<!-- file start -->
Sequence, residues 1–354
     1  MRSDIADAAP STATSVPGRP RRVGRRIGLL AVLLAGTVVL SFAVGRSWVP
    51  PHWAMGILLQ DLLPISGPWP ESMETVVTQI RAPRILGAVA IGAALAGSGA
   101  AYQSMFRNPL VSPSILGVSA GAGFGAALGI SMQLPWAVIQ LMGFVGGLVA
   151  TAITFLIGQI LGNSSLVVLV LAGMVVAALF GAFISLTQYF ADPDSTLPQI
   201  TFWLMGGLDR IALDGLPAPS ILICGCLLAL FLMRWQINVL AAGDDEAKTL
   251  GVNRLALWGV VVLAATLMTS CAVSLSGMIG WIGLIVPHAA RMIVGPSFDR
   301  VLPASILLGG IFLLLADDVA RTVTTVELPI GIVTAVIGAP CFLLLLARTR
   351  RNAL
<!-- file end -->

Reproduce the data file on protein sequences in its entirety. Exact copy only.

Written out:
Sequence, residues 1–354
     1  MRSDIADAAP STATSVPGRP RRVGRRIGLL AVLLAGTVVL SFAVGRSWVP
    51  PHWAMGILLQ DLLPISGPWP ESMETVVTQI RAPRILGAVA IGAALAGSGA
   101  AYQSMFRNPL VSPSILGVSA GAGFGAALGI SMQLPWAVIQ LMGFVGGLVA
   151  TAITFLIGQI LGNSSLVVLV LAGMVVAALF GAFISLTQYF ADPDSTLPQI
   201  TFWLMGGLDR IALDGLPAPS ILICGCLLAL FLMRWQINVL AAGDDEAKTL
   251  GVNRLALWGV VVLAATLMTS CAVSLSGMIG WIGLIVPHAA RMIVGPSFDR
   301  VLPASILLGG IFLLLADDVA RTVTTVELPI GIVTAVIGAP CFLLLLARTR
   351  RNAL